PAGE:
A few months ago, a small collective came together with the common goal of establishing a feminist bookstore in Montreal. This fast growing project quickly garnered strong interest and has revealed a distinct need within the community. These days, the collective is moving forward with the hope of opening it’s doors to the public within a year.
The feminist bookstore project was the brain child of ten individuals who, surprisingly, differed in terms of societal status (librarians, litterary students etc.). The very beginnings of it all happened almost by chance when a coleague of Marie-Ève, a librarian who happened to have misplaced a copy of Virginia Woolf’s A Room of One’s Own, suggested opening a specialized bookstore. The suggestion sparked discussion among her peers. Since then, the project has continued to progress steadily and a time line is now on the horizon.
/ An inclusive feminist bookstore
The main purpose of the bookstore is to create a communal space capable of showcasing different LGBT and feminist works. Marie-Ève remembers “the last feminist bookstore which was called Androgyne. According to studies conducted on bookstores in Quebec, its success was mainly due to their diverse offering of publications. It is very important for us to remain open to various types of feminism”. This means thinking of feminism in a broader sense, staying abreast of other issues related to minorities whether they are related to racism or colonialization and “proposing different kinds of theoretical and litterary works that would not be removed based on the fact that they were written by women”. It is key to remember that this bookstore is a place where all voices can be heard without preferential treatment being given to anyone person in particular.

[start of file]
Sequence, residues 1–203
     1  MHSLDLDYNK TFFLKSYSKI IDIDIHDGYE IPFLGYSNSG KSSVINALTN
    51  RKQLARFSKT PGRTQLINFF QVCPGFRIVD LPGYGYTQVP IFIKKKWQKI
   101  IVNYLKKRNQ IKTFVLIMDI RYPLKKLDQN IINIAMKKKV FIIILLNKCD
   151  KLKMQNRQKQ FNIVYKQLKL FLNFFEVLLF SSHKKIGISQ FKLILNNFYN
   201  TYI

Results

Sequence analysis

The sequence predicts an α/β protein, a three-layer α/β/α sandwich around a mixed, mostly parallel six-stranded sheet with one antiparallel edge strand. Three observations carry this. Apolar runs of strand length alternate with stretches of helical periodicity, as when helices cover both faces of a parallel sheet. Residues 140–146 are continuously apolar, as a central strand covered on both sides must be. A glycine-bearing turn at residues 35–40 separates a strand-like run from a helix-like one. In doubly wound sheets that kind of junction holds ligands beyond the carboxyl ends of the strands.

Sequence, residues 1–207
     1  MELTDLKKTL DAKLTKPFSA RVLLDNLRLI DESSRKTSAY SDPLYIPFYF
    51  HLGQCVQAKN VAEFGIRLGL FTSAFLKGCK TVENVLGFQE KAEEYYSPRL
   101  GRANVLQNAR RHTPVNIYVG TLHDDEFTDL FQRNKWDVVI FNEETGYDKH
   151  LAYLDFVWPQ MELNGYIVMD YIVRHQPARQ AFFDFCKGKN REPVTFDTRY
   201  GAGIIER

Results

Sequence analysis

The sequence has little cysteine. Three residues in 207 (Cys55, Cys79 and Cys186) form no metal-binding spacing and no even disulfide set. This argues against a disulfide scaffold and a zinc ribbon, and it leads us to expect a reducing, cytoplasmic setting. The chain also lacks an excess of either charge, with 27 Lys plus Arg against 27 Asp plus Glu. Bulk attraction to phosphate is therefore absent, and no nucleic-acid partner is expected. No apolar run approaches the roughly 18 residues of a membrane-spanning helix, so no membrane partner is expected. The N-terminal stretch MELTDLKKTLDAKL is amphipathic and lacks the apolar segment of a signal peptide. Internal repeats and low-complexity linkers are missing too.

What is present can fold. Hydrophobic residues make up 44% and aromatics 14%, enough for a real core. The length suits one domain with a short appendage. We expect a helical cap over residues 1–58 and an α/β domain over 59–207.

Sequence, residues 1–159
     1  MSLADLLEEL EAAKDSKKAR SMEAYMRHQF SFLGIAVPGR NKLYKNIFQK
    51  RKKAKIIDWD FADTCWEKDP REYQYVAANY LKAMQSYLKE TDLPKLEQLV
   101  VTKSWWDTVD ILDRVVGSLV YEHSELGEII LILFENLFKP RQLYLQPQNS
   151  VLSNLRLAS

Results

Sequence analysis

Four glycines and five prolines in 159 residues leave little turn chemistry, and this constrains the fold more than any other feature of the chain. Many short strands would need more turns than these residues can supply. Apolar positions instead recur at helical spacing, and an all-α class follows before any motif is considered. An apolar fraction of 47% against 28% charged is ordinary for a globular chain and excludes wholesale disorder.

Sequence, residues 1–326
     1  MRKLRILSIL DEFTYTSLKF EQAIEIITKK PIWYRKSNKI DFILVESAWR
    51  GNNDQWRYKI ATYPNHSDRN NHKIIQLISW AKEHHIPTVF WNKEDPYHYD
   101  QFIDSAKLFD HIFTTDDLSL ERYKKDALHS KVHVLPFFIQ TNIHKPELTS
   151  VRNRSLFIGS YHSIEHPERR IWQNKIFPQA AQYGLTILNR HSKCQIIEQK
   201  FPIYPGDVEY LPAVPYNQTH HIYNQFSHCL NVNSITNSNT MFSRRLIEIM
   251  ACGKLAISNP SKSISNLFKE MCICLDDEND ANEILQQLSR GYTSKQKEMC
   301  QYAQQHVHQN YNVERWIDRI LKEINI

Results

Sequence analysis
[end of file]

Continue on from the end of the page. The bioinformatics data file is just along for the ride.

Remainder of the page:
All previous feminist libraries in Montreal were forced into closure for a number of reasons, societal changes in the seventies and eighties, increases in book prices and higher rental costs. Currently, one might think that the feminist cause holds very little interest in todays community. However, as stated by Marie-Ève: “I came to realize that my idea of founding a feminist bookstore was not new. That being said, a lot of people were actually ready to invest, participate, volunteer, make food and do just about anything that was needed in order to build the feminist bookstore.
People were ready to do what was needed in order to help create a space filled with anything from comic books and teen novels to poetry. Litterature allows for creation”. Furthermore, after numerous meetings with libraries like Violette and Co. in Paris and Éditions du remue-ménage, the collective really wants to continue its networking ambissions notably with community organizations like the FFQ (Fédération des femmes du Québec), university chairs such as IREF (Institut de recherches et d’études féministes) and involved teachers. This is their main goal before launching a financing campaign.
The feminism bookstore project strives to be both an visible and accessible means of offering a wide array of litterary content to the community. It is also a means of highlighting the importance of librarians and their work. If all goes according to plan, this project could come to light by 2016.
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By Delphine Cézard